5. I dined in the city to-day, and went from hence early to town, and visited the Duke of Ormond, and Mr Secretary. They say my lord-treasurer has a dead warrant in his pocket, they mean, a list of those who are to be turned out of employment, and we every day now expect those changes. I passed by the treasury to-day, and saw vast crowds waiting to give lord-treasurer petitions as he passes by. He is now at the top of power and favour : he keeps no levee yet. I am cruel thirsty this hot weather.-I am just this minute going to swim. I take Patrick down with me to hold my night-gown,
* One William Davis, a notorious highwayman, is said to have been called the Golden Farmer, from the gold with which his depredations supplied him, and from his ostensible occupation as a farmer. But whether he is here alluded to, and what is the meaning of the gibberish which follows, is not easy to guess.
shirt, and slippers, and borrow a napkin of my landlady for a cap.-So farewell till I come up; but there's no danger, don't be frighted—I have been swimming this half hour and more; and when I was coming out I dived, to make my head and all through wet, like a cold bath but as I dived, the napkin fell off and is lost, and I have that to pay for. O faith, the great stones were so sharp, I could hardly set my feet on them as I came out. It was pure and warm, I got to bed, and will now go sleep.
6. Morning. This letter shall go to-morrow ; so I will answer yours when I come home to-night. I feel no hurt from last night's swimming. I lie with nothing but the sheet over me, and my feet quite bare. I must rise and go to town before the tide is against me. Morrow, sirrahs ; dear sirrahs, morrow.-At night. I never felt so hot a day as this since I was born. I dined with Lady Betty Germain, and there was the young Earl of Berkeley and his fine lady. I never saw her before, nor think her near so handsome as she passes for.- After dinner Mr Bertue would not let me put ice in my wine ; but said my Lord Dorchester got the bloody flux with it, and that it was the worst thing in the world. Thus are we plagued, thus are we plagued ; yet I have done it five or six times this summer, and was but the drier and the hot. ter for it. Nothing makes me so excessively peevish as hot weather. Lady Berkeley after dinner clapped my hat on another lady's head, and she in roguery put it upon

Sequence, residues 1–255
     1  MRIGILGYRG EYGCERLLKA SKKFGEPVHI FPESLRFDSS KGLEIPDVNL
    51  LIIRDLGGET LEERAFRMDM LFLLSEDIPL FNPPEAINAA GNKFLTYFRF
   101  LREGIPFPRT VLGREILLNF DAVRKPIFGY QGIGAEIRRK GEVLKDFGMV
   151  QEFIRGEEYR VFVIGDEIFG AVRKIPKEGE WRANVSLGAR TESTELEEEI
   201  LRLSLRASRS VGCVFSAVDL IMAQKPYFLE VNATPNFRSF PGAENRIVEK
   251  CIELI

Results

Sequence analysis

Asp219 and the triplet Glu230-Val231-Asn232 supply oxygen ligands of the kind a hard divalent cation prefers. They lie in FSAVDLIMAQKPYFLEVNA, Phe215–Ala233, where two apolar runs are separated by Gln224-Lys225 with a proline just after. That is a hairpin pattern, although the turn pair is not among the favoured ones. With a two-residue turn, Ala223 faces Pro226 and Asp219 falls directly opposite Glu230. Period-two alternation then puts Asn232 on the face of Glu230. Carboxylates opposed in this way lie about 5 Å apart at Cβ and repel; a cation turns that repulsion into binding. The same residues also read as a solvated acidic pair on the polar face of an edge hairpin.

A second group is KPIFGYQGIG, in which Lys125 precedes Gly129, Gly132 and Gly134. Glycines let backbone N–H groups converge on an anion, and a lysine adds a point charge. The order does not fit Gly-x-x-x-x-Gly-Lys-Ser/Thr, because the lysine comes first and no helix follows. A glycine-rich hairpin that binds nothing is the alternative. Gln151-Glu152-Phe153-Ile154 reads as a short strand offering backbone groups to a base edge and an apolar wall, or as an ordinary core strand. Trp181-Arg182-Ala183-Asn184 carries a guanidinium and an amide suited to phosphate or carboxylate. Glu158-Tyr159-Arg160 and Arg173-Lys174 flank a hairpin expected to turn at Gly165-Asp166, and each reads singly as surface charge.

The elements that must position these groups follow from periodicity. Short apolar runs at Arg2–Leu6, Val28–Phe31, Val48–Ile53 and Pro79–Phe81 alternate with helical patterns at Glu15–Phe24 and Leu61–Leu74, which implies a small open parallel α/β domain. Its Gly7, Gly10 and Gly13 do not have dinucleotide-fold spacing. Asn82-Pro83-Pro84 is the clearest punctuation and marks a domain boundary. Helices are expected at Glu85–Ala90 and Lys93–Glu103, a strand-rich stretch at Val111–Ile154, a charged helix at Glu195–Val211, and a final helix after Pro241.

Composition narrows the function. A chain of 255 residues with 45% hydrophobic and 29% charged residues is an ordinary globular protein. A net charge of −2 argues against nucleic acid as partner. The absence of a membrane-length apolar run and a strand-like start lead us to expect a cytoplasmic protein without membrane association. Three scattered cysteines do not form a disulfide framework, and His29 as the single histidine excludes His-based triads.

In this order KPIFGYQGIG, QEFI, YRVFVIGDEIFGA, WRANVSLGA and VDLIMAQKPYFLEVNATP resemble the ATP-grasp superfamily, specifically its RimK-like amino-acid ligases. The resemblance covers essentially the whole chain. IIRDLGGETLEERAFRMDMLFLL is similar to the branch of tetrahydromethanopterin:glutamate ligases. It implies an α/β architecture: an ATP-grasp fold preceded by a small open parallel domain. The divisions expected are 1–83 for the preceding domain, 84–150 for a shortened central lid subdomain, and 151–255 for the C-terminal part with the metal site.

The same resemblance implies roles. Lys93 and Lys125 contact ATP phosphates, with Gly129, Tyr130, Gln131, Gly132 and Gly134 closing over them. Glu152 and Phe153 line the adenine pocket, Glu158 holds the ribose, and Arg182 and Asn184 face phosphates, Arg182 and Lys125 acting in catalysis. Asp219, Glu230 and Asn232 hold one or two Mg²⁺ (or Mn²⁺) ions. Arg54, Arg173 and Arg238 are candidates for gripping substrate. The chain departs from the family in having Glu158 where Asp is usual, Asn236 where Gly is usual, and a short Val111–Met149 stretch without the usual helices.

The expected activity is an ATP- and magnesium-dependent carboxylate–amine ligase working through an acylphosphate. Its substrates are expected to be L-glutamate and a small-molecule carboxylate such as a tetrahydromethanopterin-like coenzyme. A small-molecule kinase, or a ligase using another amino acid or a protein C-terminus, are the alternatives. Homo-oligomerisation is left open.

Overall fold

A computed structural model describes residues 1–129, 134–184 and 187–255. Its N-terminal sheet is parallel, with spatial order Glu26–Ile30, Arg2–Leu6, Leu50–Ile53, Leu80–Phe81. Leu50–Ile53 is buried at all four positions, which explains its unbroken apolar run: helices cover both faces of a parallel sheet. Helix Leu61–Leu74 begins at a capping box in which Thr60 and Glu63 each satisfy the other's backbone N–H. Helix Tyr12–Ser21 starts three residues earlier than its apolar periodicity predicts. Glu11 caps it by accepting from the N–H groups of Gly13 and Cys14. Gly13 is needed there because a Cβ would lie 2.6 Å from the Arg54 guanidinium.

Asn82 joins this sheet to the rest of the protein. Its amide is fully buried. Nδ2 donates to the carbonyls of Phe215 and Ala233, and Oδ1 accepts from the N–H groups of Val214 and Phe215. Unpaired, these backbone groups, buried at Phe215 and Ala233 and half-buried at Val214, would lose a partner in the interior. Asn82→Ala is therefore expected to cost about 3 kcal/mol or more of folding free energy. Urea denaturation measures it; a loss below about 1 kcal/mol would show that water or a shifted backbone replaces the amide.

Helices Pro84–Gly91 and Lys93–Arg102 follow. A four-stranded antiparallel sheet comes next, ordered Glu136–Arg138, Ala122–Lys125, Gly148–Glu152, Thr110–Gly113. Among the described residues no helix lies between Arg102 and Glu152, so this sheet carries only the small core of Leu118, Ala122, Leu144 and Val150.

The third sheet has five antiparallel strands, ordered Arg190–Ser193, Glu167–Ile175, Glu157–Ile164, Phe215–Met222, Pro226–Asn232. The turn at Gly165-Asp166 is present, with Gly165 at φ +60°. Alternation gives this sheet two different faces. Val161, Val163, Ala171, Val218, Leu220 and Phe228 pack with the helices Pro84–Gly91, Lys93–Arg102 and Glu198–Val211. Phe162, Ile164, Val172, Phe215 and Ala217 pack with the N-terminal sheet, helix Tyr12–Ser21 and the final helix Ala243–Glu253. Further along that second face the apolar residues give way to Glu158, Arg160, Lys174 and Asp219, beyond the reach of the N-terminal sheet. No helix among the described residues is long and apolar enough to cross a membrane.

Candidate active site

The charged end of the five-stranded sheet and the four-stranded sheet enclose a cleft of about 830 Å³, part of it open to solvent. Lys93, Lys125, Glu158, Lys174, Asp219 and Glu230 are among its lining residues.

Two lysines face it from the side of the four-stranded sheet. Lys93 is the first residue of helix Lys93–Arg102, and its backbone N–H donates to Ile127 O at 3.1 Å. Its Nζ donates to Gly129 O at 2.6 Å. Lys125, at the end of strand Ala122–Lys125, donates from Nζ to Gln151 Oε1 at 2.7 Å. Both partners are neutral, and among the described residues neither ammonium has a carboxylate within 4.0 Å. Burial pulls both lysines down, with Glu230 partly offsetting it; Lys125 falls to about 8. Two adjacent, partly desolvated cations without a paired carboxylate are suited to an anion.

the rails. I minded them not, but in two minutes they call. ed me to the window, and Lady Carteret showed me my hat out of her window five doors off, where I was forced to walk to it, and pay her and old Lady Weymouth a visit, with some more bell-dames, then I went and drank